Afro-Cubans (Afro-Cubanos) are Cubans who are mostly of Sub-Saharan African ancestry. The term Afro-Cubans includes the historical or cultural elements in Cuba thought to emanate from this community as well as the combining of African and other cultural elements found in Cuban society such as race, religion, music, language, the arts, and class culture.
Beautiful and Music-loving Afro-Cubans. Courtesy http://blog.moodifoodi.com/
Unlike other Latin American countries where African descendants can be found in particular region with the state, Afro-Cubans on the other hand can be found in every corner of Cuba. However, Eastern Cuba has a higher concentration of blacks than other parts of the island, and Havana has the largest population of blacks of any city in Cuba. Recently, many African immigrants have been coming to Cuba, especially from Angola. Also, immigrants from Jamaica and Haiti have been settling in Cuba, most of whom settle in the eastern part of the island, due to its proximity to their home country, further contributing to the already high percentage of blacks on that side of the island.
Afro-Cuban dancers perfom in Havana during the Wemilere festival, a traditional event recognizing African roots. AFP/Getty Images
It must be emphasized that until the last decades of the 18th Century, Cuba was a relatively underdeveloped island with an economy based mainly on cattle raising and tobacco farms. The intensive cultivation of sugar that began at the turn of the nineteenth century transformed Cuba into a plantation society, and the demand for African slaves, who had been introduced into Cuba from Spain at the beginning of the 16th century, increased dramatically. Afro-Cubans are descendants of diverse African ethnic groups shipped to Cuba to cultivate the sugarcane plantation thereby enriching the European capitalists.
The enslaved Africans were from ports of Elmina, Pepper Coast, Dahomey, bight of Biafra, and Central and East African ports. The ethnic groups that formed the core parts of the enslaved Africans were particularly Yoruba (or Lucumi), Igbo and Kongo (Bantu people), but also Arará (Ewe, Fon, Aja, Mina), Carabalí (Efik, Ibibio, Ekoi, Annang), Mandingo, Fula (Fulani/Fulbe), Makua, Mina (Akans, and other Gold Coast slaves) and others.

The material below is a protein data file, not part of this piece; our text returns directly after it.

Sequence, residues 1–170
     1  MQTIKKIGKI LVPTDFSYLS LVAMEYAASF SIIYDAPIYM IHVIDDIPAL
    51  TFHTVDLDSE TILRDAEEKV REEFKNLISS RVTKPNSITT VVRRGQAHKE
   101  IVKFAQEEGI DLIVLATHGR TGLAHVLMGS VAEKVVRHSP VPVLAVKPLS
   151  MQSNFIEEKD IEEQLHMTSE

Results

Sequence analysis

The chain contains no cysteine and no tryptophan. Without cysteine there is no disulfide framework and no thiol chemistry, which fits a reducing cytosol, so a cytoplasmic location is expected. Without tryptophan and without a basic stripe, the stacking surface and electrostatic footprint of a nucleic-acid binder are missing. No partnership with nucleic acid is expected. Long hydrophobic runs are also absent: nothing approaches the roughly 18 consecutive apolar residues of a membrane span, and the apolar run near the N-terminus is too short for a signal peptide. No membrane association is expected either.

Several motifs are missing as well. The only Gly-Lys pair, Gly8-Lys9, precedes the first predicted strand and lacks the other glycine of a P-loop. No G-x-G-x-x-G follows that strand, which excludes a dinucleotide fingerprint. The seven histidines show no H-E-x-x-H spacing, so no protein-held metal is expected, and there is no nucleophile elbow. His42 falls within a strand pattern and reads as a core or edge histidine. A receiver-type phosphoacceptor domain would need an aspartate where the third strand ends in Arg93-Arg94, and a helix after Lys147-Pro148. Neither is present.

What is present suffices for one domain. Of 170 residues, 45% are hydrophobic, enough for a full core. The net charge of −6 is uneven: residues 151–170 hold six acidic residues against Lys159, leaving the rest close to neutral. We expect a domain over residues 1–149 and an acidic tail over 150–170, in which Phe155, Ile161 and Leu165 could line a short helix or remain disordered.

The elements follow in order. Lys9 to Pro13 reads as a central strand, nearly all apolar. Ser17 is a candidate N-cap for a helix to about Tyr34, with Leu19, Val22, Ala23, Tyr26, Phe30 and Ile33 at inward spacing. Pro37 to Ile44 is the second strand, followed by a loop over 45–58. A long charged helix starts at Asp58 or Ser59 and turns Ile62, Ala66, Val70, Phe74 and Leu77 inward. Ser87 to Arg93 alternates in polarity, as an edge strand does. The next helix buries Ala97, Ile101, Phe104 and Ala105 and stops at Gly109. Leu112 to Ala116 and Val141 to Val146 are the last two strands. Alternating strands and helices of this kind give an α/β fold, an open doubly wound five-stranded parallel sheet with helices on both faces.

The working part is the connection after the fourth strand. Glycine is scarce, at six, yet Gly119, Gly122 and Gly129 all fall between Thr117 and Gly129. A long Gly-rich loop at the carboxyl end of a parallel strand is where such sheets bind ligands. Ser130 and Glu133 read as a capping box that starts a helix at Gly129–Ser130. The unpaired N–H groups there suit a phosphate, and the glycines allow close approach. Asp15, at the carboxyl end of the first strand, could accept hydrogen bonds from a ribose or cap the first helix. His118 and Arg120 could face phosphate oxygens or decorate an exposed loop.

The shipment of Africans into slavery in Cuba, especially transportation of slaves from the West African coast exploded, and it is estimated that almost 400,000 Africans were brought to Cuba during the years 1835-1864. (That's roughly 1150 per month for 29 years!) As early as 1532, the blacks formed 62.5 percent of the population. In 1841, African slaves made up over 40% of the total population.
Beautiful Afro-Cuban wome in their traditional dress
Apart from enslaved Africans that came directly from the continent of Africa, there was a large number of Haitians and Jamaicans that were imported to Cuba. "Toward the end of 1912, Gómez authorized the United Fruit Company to bring in 1,400 Haitians. Under Menocal, from 1913-21, 81,000 Haitians and 75,000 Jamaicans were admitted." In addition it is estimated that from 1913 to 1927 40,000 negroes a year were smuggled in. Since then and owing to the prolonged economic crisis, few have been brought in even illegally. The companies which have brought in black people during the period of the Republic, were supposed to send them back at the end of their yearly contract, but this was evaded. As El Pais wrote: "The Haitian immigration comes for the zafra, but soon is diverted toward the towns and never goes back to the plantations of his own country, the result being that the following year it is necessary to introduce another contingent."